The pits work similarly to night vision glasses during the night, allowing the snake to locate mammals using their body temperature easily. The temperature difference between animals and the atmosphere at night makes it easier for the rattlesnakes to hunt their prey without seeing them.
Additionally, the rattlesnake’s tongue can sniff the scent of prey which helps the snake follow their food for long distances guided by the heat they emit.
How do rattlesnakes swallow large animals using their small mouths?
Since rattlesnakes feed on mammals as big as rabbits, they have a unique adaptation that allows the snake to increase its gape to fit the prey they swallow. The snakes’ lower mandibles are not joined like those in other animals. Rattlesnakes have a stretchy ligament that attaches each mandible at the front.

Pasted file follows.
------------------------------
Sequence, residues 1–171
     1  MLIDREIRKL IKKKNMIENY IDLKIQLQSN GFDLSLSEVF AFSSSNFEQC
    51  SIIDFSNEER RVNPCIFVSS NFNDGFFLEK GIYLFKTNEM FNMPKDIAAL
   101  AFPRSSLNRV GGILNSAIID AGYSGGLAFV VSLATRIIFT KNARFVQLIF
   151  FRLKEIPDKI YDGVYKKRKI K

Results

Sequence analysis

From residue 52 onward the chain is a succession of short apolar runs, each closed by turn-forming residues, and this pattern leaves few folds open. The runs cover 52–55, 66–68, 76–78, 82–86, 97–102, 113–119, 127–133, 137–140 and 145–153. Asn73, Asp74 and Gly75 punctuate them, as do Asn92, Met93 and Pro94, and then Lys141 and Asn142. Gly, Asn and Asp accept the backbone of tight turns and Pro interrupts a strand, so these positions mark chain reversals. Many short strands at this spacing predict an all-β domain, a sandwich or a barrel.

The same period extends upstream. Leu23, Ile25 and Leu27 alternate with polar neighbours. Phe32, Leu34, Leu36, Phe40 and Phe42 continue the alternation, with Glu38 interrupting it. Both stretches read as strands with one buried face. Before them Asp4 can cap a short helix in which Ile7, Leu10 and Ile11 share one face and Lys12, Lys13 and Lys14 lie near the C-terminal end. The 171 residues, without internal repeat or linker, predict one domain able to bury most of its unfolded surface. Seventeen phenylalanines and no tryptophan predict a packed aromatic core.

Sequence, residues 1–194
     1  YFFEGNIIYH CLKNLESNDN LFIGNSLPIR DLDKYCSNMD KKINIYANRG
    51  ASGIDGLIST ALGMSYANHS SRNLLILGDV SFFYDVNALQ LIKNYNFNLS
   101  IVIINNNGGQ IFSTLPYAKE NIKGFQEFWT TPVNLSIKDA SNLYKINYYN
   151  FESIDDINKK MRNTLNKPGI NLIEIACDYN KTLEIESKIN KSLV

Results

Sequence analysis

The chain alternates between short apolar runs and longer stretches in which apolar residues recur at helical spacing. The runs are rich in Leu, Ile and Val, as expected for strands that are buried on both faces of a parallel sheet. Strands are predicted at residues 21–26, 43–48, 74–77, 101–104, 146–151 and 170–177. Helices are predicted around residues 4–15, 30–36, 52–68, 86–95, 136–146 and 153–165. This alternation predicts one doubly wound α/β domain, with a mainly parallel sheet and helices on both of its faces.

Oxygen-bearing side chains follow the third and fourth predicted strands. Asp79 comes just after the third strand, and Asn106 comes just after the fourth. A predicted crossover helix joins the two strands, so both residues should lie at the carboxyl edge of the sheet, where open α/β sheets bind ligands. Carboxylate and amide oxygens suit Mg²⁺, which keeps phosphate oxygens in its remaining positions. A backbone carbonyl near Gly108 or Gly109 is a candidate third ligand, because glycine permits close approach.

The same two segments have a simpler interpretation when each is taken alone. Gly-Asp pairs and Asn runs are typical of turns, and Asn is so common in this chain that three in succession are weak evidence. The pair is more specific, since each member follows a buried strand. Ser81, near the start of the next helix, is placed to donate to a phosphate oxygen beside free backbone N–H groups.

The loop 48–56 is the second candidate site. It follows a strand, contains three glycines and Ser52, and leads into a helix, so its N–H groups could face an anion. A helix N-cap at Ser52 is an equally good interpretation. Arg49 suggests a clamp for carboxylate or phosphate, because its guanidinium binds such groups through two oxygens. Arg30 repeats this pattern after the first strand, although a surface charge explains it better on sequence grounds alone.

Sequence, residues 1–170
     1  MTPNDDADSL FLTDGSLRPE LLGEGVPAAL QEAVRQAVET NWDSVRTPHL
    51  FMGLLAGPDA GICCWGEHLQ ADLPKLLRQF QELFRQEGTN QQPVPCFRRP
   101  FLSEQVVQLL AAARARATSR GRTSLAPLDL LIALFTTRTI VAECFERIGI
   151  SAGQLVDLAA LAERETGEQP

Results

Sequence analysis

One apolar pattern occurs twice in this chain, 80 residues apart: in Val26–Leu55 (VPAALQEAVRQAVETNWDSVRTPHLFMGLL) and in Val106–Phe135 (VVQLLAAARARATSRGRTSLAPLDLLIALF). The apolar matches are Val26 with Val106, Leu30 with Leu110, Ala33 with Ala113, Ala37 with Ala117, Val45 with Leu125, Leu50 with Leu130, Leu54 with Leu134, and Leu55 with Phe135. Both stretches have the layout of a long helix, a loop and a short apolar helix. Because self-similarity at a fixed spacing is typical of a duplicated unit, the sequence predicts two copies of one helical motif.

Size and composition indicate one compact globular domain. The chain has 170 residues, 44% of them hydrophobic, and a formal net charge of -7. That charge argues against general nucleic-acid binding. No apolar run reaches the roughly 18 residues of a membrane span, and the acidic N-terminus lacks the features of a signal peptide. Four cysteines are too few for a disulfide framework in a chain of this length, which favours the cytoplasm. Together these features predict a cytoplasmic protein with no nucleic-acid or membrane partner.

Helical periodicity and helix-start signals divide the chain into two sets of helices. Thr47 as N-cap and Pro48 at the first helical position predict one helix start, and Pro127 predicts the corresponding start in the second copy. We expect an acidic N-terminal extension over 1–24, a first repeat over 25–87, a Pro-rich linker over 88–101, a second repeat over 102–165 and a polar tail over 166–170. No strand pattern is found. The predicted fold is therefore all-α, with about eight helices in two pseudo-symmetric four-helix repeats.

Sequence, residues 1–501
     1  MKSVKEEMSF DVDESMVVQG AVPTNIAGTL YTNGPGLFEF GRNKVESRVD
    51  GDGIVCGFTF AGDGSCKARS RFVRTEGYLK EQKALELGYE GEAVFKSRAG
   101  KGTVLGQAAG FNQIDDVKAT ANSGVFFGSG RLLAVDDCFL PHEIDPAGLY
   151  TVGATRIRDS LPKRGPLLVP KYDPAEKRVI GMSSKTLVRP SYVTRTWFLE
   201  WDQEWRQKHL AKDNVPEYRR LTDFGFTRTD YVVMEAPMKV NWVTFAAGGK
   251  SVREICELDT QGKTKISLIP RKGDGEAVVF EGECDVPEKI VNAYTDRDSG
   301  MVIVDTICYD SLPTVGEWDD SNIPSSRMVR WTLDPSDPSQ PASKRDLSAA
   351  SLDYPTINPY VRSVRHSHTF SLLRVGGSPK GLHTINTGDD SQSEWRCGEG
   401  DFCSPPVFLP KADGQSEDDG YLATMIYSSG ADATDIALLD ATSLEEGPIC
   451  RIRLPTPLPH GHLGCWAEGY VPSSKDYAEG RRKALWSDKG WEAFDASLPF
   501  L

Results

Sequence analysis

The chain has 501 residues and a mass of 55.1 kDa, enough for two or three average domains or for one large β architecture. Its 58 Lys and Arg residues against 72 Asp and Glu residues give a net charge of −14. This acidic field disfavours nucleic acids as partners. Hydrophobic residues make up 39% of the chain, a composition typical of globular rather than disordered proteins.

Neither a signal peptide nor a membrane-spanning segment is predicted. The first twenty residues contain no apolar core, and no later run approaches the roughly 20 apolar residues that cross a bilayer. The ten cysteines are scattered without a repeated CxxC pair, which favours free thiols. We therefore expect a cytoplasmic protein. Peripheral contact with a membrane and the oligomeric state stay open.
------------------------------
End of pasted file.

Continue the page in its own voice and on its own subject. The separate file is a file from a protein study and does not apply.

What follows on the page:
As a result, each mandible of the snake can easily widen laterally to increase the mouth’s width when swallowing large prey. Another advantage of the mandibles is that they loosely connect to the back of the head, thus providing greater space for rotation as compared to other animals. The mandibles move separately, giving the snake enough room to swallow the prey inch by inch until it’s done.
Rattlesnakes are mainly found in the American Southwest and Mexico. As such, they tend to feed on prey found in such areas. This includes birds, rodents, rabbits, lizards and frogs. Nonetheless, just like most snakes, rattlesnakes are opportunistic feeders, and they will eat any animal they can kill and swallow.
Joe is a freelance writer for FaunaFacts. Joe has written extensively about snakes for the site, but also contributes content about a range of animals.